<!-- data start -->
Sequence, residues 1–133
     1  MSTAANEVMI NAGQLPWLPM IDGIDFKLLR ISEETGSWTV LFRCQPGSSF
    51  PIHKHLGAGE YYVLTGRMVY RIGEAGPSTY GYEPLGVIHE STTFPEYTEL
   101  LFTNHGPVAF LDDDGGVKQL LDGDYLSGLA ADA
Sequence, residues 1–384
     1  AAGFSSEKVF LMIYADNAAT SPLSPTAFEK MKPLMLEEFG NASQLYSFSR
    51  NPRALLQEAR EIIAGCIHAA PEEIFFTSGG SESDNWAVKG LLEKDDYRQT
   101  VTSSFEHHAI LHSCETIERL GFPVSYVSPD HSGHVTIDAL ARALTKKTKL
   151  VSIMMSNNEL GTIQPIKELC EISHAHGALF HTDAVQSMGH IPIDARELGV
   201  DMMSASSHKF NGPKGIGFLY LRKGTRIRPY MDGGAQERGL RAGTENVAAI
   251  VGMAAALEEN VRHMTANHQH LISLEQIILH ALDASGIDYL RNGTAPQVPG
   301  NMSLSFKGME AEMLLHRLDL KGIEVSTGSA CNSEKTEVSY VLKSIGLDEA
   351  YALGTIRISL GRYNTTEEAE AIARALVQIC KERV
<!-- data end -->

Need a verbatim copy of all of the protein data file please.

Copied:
Sequence, residues 1–133
     1  MSTAANEVMI NAGQLPWLPM IDGIDFKLLR ISEETGSWTV LFRCQPGSSF
    51  PIHKHLGAGE YYVLTGRMVY RIGEAGPSTY GYEPLGVIHE STTFPEYTEL
   101  LFTNHGPVAF LDDDGGVKQL LDGDYLSGLA ADA
Sequence, residues 1–384
     1  AAGFSSEKVF LMIYADNAAT SPLSPTAFEK MKPLMLEEFG NASQLYSFSR
    51  NPRALLQEAR EIIAGCIHAA PEEIFFTSGG SESDNWAVKG LLEKDDYRQT
   101  VTSSFEHHAI LHSCETIERL GFPVSYVSPD HSGHVTIDAL ARALTKKTKL
   151  VSIMMSNNEL GTIQPIKELC EISHAHGALF HTDAVQSMGH IPIDARELGV
   201  DMMSASSHKF NGPKGIGFLY LRKGTRIRPY MDGGAQERGL RAGTENVAAI
   251  VGMAAALEEN VRHMTANHQH LISLEQIILH ALDASGIDYL RNGTAPQVPG
   301  NMSLSFKGME AEMLLHRLDL KGIEVSTGSA CNSEKTEVSY VLKSIGLDEA
   351  YALGTIRISL GRYNTTEEAE AIARALVQIC KERV